She has one of those chairs that lift you up, she loves it.

      What disabled toilets need are automatic sliding doors. It was impossible for Dad to get in and out of a toilet easily – one arm didn’t work at all due to the stroke and he had his walking stick in the other one, he’d have to let go of the stick to open the door.

      • Front doors often have push-buttons for the disabled, they ought to put those in toilets. Swing open and closed very slowly. Seems to me they could add that to the way they work right now.

        My father carried a cushion around for chairs the last… 30-40 years of his life. Restaurants, airplanes, whatever, dad had his cushion at the ready.

        Am glad to hear the chairs work as advertised, it’s good news for my future.

  2. Well, I have to hand it to your mom for wanting to go that far! I think that is pretty great that she wants to find a way. I hope it all works out. If not, I could go in her place. 😛
    18 days on a cruise ship sounds like it could get a bit dicey for me. I am not sure how I’d deal with seeing only sea and sky for that long, I might have to hole up in the room and sleep it off every couple days.
    geez. I think I spent 19 days in Australia.

    • It’s a long time isn’t it – but the more I think about it I reckon it’d be fun, something different. You stop at Tahiti and New Zealand which would be pretty cool. The girl was showing me the different types of rooms and she showed me the balcony room where you get a little balcony outside your room but I said – no way, that would freak me out I think just sitting on my balcony and seeing only water for days. I think once you leave Hawaii you have six days sailing the middle of nowhere before you get to Tahiti.

  3. I don’t know why some toilets are so low to the ground and others are like thrones. (higher and easier to use)

    Cruise with your Mum sounds like the way to go to keep her comfortable. There is a patch you could look into for seasickness.

    Not sure what airline you would fly to Hawaii on, but maybe research to see if you could pre-book seats that are close to the bathrooms?

    • These ships the girl was showing me look amazing, I reckon my husband would love it so maybe I’ll send him! Certainly look comfortable. I’ll leave it up to her to decided what she prefers. We did ring Hawaiian Airlines who were pretty helpful but even if she’s close to the toilet she still wouldn’t be able to get off it. I’m going to go out to this shop I know is not far away and see what sort of devices they have that might be helpful.

  4. I daresay you could book first class round trip for less than the cost of a ridiculously long cruise and a one-way ticket home. Those seats are larger (some of them even turn into beds!) and first class has their own toilet only a few steps away, not mucking around with the peasantry like we usually do. Plus more attendants with greater patience. And the booze is included.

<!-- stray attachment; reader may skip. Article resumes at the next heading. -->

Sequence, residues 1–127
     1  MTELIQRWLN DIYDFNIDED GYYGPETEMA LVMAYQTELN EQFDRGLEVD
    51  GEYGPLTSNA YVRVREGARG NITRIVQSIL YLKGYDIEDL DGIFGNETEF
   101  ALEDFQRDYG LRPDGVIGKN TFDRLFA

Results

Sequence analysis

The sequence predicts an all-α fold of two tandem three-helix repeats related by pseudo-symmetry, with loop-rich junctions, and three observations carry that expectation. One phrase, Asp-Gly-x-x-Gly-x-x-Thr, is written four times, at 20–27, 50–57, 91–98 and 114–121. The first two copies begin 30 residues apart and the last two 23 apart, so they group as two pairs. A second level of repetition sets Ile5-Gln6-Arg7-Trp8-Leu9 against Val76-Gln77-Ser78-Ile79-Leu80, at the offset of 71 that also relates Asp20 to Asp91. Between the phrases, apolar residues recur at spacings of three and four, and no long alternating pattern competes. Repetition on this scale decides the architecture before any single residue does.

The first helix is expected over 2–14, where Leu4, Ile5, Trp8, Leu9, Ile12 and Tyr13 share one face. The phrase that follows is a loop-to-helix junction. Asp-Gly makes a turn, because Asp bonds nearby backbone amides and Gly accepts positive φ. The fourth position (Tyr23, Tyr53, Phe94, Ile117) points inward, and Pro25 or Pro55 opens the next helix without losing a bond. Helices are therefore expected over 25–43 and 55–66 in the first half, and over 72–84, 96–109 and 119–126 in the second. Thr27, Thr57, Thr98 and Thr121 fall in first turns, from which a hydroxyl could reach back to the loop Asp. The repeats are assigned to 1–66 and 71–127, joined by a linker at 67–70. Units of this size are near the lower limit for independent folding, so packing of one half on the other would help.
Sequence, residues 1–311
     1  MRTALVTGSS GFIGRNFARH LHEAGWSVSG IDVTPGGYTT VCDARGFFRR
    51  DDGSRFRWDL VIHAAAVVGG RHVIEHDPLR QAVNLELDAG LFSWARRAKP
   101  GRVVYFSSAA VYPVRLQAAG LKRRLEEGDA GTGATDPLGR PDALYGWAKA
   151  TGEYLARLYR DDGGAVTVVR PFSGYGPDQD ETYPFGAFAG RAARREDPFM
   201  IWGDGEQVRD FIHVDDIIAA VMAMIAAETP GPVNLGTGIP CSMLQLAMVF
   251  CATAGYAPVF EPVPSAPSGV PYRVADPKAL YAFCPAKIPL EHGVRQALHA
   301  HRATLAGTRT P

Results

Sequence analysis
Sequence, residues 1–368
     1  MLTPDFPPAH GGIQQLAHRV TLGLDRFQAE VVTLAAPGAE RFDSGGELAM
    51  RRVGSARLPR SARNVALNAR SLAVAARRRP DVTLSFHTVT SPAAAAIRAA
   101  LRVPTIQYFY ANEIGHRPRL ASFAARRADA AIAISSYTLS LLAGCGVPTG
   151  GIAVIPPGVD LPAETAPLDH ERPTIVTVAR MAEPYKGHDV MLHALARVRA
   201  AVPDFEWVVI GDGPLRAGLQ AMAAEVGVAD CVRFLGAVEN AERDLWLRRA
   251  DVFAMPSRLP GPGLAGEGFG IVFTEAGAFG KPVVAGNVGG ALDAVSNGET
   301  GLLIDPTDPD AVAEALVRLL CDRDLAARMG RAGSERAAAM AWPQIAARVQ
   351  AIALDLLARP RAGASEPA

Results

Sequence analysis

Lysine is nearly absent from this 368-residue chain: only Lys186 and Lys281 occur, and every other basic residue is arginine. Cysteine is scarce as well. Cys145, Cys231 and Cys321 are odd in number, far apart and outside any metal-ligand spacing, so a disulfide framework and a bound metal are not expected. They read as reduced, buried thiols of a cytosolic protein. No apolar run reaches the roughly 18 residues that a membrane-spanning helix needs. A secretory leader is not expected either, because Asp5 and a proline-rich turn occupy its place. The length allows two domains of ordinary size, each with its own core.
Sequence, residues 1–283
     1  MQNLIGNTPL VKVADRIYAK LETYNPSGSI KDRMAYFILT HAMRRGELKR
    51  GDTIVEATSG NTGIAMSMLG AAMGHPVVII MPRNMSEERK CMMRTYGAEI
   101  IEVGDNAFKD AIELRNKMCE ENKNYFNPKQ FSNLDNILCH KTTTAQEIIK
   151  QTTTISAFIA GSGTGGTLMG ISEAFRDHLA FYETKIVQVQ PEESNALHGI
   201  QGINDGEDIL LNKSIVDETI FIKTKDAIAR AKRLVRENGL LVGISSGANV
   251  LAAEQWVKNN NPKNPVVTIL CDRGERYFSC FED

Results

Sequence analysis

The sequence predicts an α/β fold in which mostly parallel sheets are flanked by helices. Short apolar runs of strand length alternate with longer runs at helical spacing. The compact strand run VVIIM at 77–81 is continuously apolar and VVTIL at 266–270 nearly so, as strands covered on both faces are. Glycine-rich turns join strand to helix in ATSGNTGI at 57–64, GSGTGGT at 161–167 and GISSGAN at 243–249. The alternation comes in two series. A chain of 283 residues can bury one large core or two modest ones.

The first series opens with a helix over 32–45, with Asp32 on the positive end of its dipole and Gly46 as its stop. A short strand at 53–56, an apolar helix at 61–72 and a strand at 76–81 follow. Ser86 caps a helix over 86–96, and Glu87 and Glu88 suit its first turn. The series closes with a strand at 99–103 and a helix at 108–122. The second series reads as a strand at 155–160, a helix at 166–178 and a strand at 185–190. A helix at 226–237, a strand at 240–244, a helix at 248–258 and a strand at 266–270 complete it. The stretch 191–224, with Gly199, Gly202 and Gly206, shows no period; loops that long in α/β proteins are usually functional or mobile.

If you’re going to be on a plane one-way, might as well be round-trip; that’s always cheaper and faster. Plus, cruise ship food — you’d trigger excess luggage fees on your own waistline. Heavy on the meat and carbs, light on veggies.

    • No way – I couldn’t believe how cheap the cruise was – no wonder some people buy suites and just live on them – much cheaper than a nursing home or retirement village.

      I’ll end up like Raymond (Everyone loves) did when he went on that cruise with his Mum – she was off having fun and he hung around the buffets eating and drinking 24/7.

  5. I know what you mean by handicapped toilet stalls that were obviously designed by someone who had no idea what it’s like to be in a wheelchair or walker. I never took notice until my husband lost use of his legs and I had to haul him around in a wheelchair. He would need to use the restroom, but I couldn’t go in and help him because it was the “Mens” room. He’d go in alone and discover the damned door was too hard to open, or there wasn’t enough room to maneuver his chair in the stall, or the toilet was this dainty little thing that he couldn’t get onto without falling out of his chair. At one of the more posh department stores in Minneapolis, a sweet old man came up to me while I was waiting for my husband and told me that he’d “had an accident” and needed help: so if it was alright with me, the old dear would help my husband clean up. My husband, to say the least, was humiliated and distraught. He wept in the car as I drove him home. It made me realize how horrible it was for people with disabilities to get about in public.

    Happily, in California, they have large, single-user restrooms that allow a person in a wheelchair and a helper to both go in together. There are usually heavy-duty rails and sinks and toilets at a suitable level for someone who has trouble using his or her legs. But it’s amazing how much difference a few inches in height makes. I hope your mother has a much easier time when she sails the Pacific to Hawaii.